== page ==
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The History of the Treatment of Mental Illness:

The History of the Treatment of Mental Illness Brogan Stegner 10/13/14

Early Man:

Early Man The history of mental illness is found a subject of interest in as early as 5000 BCE. Early man believed mental illness was caused by supernatural phenomena, demonic possession or an angry deity. Trephining or trepanning was a brutal treatment that first occurred in Neolithic times. The brutal treatment was performed by chipping circular holes into the skill using stone instruments.

Early Man Cont.:

Early Man Cont. Early man thought that by opening the skull, the evil spirit’s would be released through this hole. They believed the evil spirits were trapped in the brain, so when the demonic spirits could escape, their psychopathy would be cured. I found it interesting that this type of treatment resembled the Lobotomy, and also that they had the source of mental illness correct. Other historic beliefs about mental illness were based on spirituality and that the person was ill as a whole due to certain beliefs the given population held.

Ancient Egyptians:

Ancient Egyptians The Ancient Egyptians were on the right track when it came to the treatment of mental illness. They believed that mental illness was also caused by angry/demonic deities, but they believed in a different way of curing their people. Egyptians believed that in order to be relieved of symptoms of mental illness, one should participate in concerts, dances, painting and other recreational activities. This could have been where we first saw the idea of therapy. To achieve a sense of normalcy, the Ancient Egyptians believed in lifting the spirits to escape or avoid the symptoms of the metal illness, which is what we see a lot in different therapies used today.

Getting Closer:

Getting Closer Beliefs about mental illness and more humane treatments were being reformed and reestablished by European thinkers between the 5 th and the 3 rd centuries BCE. A Greek physician, Hippocrates was thinking more and more intently about mental illness, and denied thinking that mental illness was caused by supernatural forces. Rather, he suggested that mental illness was a naturally occurrence in the human brain. Later, Hippocrates and Roman Physician Galen put their heads together. They came up with the concept of the four essential fluids in the human body. Those were blood, phlegm, bile, and black bile. They believed that an imbalance of these fluids is what caused symptoms of mental illness.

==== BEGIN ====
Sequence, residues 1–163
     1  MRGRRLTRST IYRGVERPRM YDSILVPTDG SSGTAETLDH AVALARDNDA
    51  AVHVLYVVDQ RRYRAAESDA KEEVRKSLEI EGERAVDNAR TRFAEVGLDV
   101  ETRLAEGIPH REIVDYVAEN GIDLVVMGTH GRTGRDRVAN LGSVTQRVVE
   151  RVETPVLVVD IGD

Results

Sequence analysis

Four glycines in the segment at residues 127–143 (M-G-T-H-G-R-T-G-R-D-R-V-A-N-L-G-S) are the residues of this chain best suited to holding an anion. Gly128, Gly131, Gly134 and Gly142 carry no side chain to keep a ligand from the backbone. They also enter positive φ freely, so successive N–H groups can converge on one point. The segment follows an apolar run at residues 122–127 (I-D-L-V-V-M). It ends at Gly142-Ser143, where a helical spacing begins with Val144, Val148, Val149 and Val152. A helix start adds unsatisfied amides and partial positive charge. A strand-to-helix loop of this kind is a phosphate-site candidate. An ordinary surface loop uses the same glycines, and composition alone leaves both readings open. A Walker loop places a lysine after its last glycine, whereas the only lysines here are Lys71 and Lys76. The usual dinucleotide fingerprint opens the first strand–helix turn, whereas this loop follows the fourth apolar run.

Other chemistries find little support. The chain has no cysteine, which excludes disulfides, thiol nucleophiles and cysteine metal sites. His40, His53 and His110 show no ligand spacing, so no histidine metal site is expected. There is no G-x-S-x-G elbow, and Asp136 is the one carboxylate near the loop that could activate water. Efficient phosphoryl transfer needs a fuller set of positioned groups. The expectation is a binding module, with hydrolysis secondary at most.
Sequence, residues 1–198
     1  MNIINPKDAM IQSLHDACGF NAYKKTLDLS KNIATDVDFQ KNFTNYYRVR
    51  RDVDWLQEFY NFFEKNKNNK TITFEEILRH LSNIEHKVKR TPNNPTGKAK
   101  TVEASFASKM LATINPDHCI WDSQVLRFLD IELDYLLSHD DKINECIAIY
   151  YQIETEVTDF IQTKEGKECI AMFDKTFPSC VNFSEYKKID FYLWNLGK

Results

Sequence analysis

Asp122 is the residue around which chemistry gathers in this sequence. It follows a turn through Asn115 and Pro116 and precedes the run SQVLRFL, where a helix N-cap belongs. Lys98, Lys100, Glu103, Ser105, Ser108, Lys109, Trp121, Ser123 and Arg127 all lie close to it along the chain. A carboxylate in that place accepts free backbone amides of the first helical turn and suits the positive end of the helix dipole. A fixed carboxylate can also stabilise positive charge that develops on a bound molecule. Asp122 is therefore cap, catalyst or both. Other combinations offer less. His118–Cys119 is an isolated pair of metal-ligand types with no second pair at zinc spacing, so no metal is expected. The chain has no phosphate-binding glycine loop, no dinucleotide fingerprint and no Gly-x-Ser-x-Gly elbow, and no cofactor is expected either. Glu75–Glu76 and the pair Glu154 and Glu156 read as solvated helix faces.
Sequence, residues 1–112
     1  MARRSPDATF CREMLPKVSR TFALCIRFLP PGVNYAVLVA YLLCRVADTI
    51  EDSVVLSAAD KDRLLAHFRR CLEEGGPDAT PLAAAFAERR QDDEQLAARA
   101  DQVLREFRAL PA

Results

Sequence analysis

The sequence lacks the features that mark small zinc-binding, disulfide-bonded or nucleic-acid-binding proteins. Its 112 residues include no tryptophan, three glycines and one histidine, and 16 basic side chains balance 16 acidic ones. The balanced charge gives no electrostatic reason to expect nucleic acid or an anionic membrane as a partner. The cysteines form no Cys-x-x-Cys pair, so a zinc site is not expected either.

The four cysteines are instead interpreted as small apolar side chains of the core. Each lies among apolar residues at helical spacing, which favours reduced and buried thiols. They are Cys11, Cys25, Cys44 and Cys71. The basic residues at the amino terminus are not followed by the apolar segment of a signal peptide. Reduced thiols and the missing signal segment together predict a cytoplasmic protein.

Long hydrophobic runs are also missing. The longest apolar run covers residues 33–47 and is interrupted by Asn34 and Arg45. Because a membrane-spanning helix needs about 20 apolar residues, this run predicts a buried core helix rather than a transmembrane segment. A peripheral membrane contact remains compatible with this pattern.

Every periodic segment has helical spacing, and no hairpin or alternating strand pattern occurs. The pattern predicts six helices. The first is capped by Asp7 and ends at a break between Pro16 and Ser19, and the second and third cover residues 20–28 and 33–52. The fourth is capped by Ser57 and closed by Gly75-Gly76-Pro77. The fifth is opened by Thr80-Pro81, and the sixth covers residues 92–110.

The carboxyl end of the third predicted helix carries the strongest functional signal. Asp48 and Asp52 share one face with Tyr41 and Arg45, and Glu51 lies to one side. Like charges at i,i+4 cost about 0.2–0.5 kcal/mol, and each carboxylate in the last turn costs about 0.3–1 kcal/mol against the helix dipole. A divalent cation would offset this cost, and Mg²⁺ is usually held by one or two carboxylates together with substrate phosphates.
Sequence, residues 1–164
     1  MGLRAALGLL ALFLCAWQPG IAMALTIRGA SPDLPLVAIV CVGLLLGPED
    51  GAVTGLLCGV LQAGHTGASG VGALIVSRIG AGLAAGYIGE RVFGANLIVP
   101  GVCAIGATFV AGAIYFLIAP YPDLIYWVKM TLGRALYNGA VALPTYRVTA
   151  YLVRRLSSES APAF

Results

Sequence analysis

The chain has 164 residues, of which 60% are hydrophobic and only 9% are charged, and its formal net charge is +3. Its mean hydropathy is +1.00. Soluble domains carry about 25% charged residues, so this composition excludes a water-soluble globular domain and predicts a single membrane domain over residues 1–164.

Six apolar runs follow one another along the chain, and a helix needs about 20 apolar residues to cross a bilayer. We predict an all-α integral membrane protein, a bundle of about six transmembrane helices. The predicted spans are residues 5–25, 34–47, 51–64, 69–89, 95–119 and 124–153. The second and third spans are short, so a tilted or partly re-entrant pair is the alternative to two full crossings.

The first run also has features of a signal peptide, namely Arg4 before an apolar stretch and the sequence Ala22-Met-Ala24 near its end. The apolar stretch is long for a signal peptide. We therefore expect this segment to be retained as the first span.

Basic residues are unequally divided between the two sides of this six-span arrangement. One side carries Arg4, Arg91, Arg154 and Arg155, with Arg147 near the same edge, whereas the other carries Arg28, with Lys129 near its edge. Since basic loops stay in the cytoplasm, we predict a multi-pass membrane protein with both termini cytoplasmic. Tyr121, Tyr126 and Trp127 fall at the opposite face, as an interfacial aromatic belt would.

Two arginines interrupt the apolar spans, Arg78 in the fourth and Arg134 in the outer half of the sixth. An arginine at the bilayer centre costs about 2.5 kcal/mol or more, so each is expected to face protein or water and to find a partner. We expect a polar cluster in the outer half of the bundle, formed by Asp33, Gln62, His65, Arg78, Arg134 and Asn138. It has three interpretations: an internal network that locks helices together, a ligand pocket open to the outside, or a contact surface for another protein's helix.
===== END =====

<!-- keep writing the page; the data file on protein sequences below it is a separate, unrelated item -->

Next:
Hippocrates/Galen:

Hippocrates/Galen Since Hippocrates and Galen had the idea of mental illness being caused by an imbalance of blood, phlegm, bile, and black bile, they had a different type of treatment. They treated patients with laxatives, bled them with leeches, and given emetics to balance these essential fluids, and bring them back to normalcy. Other techniques used to balance the fluids in the human body were Tobacco used to induce vomiting Extracting blood from forehead of tapping the cephalic and hemorroidal veins to draw the excess fluids away from the brain Creating a specific, strict diet for patients to follow.

Speed Through Time:

Speed Through Time The Lobotomy procedure has a long history, starting with a Portuguese neurologist, Antonio Egas Moniz F irst called a “leucotomy” performed by Moniz. More recently in America, psychiatrist Walter Freeman performed the transorbital lobotomy in 1946. What became a controversial procedure was performed informally, to many patients throughout mental hospitals prominently for more than two decades. The Lobotomy was a simple procedure that took only minutes using ice picks. The ice picks were lodged behind the eyes of patients, and up into the frontal lobes of the brain, and sort of stirred around.

Mental Illness Today:

Mental Illness Today Today, mental illnesses can vary drastically from their nature, to their symptoms, to their severity. “Common” Mental Illnesses Schizophrenia Bipolar disorder Other mood disorders Depression/anxiety Even eating disorders. According to the National Institute of Mental health-25% of American adults and 13% of American children are diagnosed with a metal illness each year.

Treatments Today:

Treatments Today Today, treatments of mental illness vary just as much as the disorders themselves. Different treatments may include Medications to balance the chemicals in the brain causing the symptoms, psychotherapy, group therapy, day treatment, cognitive-behavior therapies, play therapy, art therapy, or music therapy are also used. A lot of the time, different types of treatment programs are developed to suit each client specifically.

Common Treatments:

Common Treatments More specifically: Depression/anxiety is usually treated with a combination of medication (if severe enough) and psychotherapy (where a client talks to a licensed mental health care professional). For those who’s depression is extremely chronic, Electroconclusive therapy could be implemented. Children struggling with mental illness will likely participate in play therapy, which lets them communicate through self-guided, self-healing play. Hypnotherapy is where a licensed mental health care professional induces another state of consciousness upon the patient, guiding them and ultimately altering their behavior patterns or increasing their motivation, depending on the goal of the therapy.

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